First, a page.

Justice James Wilson was a Scottish-born lawyer and scholar. Wilson wrote an influential argument that Parliament's taxation of the American colonies was illegitimate because the colonies had no representation in Parliament. He was elected to the Continental Congress twice. In that capacity, he was a signer of the Declaration of Independence. He was also a veteran of the Revolutionary War and a major contributor at the Constitutional Convention, where he served on the Committee of Detail (that produced the first draft of the Constitution). He is credited with being the principal author of the executive branch. As the first Professor of Law at the College of Philadelphia (now the University of Pennsylvania), Wilson taught the first course on the new Constitution to Washington and his Cabinet in 1789-90. Washington named Wilson as one of the first Associate Justices to the Supreme Court. Wilson was the first Justice to die in office.
George Wythe was born into a wealthy Virginia planter family and became a lawyer and a representative in the Virginia colony's House of Burgesses. He was the first Virginian to sign the Declaration of Independence and served as a member of the Continental Congress. He participated in Virginia's Constitutional Convention as well as serving as a delegate to the federal Constitutional Convention in 1787. In addition to being a judge, he was on faculty at the College of William and Mary, where his students included both Thomas Jefferson and John Marshall. At the 1787 Convention, Wythe served as the chair of the Rules Committee. He left the Convention to care for his dying wife before signing the Constitution, but worked to ensure its ratification in Virginia. Increasingly uncomfortable with the institution of slavery, Wythe emancipated all of his slaves at the end of the Revolutionary War.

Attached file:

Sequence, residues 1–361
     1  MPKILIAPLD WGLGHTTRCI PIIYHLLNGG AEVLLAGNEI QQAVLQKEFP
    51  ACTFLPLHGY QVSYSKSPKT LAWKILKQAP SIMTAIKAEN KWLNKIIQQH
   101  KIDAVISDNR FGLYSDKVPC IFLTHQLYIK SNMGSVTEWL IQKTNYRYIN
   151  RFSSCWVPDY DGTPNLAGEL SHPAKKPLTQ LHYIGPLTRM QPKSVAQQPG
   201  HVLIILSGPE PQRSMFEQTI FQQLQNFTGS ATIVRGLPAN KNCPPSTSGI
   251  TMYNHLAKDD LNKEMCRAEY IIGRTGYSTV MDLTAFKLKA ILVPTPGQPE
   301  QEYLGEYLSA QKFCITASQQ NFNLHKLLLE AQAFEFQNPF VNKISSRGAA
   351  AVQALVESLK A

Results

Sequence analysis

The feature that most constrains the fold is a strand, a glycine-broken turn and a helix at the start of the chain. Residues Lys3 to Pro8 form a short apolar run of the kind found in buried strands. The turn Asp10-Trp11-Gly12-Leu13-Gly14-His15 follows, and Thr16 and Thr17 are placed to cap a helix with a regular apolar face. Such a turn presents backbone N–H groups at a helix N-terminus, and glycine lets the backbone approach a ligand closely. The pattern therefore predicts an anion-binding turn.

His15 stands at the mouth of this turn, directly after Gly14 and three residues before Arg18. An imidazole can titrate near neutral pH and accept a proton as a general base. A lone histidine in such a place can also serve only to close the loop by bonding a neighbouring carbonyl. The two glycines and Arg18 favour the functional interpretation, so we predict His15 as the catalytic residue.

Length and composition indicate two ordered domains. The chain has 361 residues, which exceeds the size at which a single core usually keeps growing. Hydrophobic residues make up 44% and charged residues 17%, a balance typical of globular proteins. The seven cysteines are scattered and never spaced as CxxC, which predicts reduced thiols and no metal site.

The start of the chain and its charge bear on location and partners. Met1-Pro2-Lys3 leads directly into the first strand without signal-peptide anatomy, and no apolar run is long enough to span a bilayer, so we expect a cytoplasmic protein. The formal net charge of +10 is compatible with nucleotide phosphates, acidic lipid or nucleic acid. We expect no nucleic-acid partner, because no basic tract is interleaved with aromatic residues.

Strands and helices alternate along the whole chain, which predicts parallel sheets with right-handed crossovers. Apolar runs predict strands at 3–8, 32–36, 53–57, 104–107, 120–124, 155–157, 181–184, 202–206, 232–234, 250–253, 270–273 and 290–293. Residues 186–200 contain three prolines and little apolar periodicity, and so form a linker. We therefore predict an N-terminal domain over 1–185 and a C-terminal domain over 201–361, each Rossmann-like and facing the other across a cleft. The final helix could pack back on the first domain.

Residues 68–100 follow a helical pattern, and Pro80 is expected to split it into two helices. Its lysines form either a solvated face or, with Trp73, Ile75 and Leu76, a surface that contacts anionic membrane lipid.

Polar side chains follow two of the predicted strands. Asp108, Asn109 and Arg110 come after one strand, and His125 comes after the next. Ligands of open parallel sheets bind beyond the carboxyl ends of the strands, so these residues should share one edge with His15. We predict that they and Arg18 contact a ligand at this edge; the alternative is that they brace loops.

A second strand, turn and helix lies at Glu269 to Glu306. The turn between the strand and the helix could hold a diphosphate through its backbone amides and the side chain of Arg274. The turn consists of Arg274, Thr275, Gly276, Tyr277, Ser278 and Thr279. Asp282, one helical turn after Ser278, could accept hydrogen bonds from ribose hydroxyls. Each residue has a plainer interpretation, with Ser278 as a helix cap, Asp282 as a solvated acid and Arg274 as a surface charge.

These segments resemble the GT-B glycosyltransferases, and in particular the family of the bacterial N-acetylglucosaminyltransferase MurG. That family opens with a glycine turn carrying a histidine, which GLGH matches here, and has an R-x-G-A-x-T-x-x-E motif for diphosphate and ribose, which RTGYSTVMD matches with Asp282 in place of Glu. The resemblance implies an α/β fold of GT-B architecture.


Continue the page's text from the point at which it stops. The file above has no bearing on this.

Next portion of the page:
It should be a given: we should all agree every American citizen should be equal in the eyes of our law and our government. That is the promise of the equal protection clause in the Fourteenth Amendment of our Constitution. If we truly believe all should be equal before the law, then we must also support systems that expand informed participation by our fellow citizens in our political process to the greatest extent possible. Legislative districts that are drawn improperly effectively disenfranchise large numbers of our fellow citizens across the political spectrum. Such districts are widespread and, I believe, unconstitutional. We should draw all legislative districts to provide incentives for both citizens and elected representatives to maximize informed participation in our political process.